- What other names is Iceland Moss known by?
- What is Iceland Moss?
- How does Iceland Moss work?
- Are there safety concerns?
- Are there any interactions with medications?
- Dosing considerations for Iceland Moss.
Iceland moss is used for treating irritation of the mouth and throat, loss of appetite, common cold, dry cough, bronchitis, indigestion, fevers, lung disease, kidney and bladder complaints, and the tendency toward infection.
Some people apply Iceland moss directly to poorly healing wounds.
In foods, Iceland moss is used as an emergency food source in Iceland.
In manufacturing, Iceland moss is used as a flavoring in alcoholic beverages.
Insufficient Evidence to Rate Effectiveness for...
- Dry cough.
- Loss of appetite.
- Common cold.
- Lung disease.
- Kidney and bladder problems.
- Irritation or swelling (inflammation) of the mouth or throat.
- Wound healing, when applied to the skin.
- Other conditions.
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Iceland moss is regulated in the United States, and is allowed only as a flavoring agent in alcoholic beverages.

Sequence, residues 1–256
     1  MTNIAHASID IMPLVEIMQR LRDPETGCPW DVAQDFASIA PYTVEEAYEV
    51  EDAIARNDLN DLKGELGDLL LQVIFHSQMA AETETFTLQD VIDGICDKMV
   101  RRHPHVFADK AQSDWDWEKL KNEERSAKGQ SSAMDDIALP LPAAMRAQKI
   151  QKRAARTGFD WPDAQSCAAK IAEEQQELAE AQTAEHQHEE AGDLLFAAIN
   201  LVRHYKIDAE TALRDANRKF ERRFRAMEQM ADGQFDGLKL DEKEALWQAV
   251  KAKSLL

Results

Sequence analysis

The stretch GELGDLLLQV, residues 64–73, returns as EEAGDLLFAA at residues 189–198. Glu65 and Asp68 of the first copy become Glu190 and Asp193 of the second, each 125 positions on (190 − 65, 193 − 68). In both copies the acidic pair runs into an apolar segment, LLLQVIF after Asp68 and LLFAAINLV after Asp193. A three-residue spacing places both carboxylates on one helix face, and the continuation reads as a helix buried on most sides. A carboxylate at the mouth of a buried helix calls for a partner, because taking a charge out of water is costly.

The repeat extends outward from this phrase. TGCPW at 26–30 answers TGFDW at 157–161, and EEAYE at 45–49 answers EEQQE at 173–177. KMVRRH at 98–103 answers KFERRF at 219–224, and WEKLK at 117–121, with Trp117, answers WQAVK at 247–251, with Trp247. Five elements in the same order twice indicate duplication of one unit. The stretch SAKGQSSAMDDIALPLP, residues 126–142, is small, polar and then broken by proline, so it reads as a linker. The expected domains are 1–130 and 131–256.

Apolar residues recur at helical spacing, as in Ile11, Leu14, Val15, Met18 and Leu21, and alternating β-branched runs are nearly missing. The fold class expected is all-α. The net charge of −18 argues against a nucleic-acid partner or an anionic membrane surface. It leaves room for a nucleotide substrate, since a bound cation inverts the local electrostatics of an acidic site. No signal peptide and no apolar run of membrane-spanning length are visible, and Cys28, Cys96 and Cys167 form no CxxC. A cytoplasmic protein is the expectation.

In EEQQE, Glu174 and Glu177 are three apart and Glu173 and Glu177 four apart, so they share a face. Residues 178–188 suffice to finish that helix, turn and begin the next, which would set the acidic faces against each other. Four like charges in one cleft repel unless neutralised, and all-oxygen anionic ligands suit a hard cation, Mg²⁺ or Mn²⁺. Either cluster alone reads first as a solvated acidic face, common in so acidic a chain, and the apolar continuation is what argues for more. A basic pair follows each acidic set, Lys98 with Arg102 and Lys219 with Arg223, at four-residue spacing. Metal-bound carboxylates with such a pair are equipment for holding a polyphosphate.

Special Precautions & Warnings:Pregnancy and breast-feeding: It might be UNSAFE to take Iceland moss during pregnancy. The concern is that Iceland moss can become contaminated with lead, and this can be harmful to the mother and unborn child.
Ulcers in the stomach or small intestine: Iceland moss can irritate the lining of the digestive tract. Don't take it if you have stomach or intestinal ulcers.
Medications taken by mouth (Oral drugs)
Interaction Rating: Moderate Be cautious with this combination.
Talk with your health provider.
Iceland moss contains a type of soft fiber called mucilage. Mucilage can decrease how much medicine the body absorbs. Taking Iceland moss at the same time you take medications by mouth can decrease the effectiveness of your medication. To prevent this interaction take Iceland moss at least one hour after medications you take by mouth.
Natural Medicines Comprehensive Database rates effectiveness based on scientific evidence according to the following scale: Effective, Likely Effective, Possibly Effective, Possibly Ineffective, Likely Ineffective, and Insufficient Evidence to Rate (detailed description of each of the ratings).
Report Problems to the Food and Drug Administration
You are encouraged to report negative side effects of prescription drugs to the FDA. Visit the FDA MedWatch website or call 1-800-FDA-1088.
Last Editorial Review: 3/29/2011